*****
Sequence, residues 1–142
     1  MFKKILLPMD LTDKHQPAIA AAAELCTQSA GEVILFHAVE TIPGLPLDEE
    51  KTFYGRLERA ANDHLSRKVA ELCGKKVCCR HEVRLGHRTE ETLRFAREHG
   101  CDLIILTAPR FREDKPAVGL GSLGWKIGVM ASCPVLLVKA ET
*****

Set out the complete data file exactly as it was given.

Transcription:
Sequence, residues 1–142
     1  MFKKILLPMD LTDKHQPAIA AAAELCTQSA GEVILFHAVE TIPGLPLDEE
    51  KTFYGRLERA ANDHLSRKVA ELCGKKVCCR HEVRLGHRTE ETLRFAREHG
   101  CDLIILTAPR FREDKPAVGL GSLGWKIGVM ASCPVLLVKA ET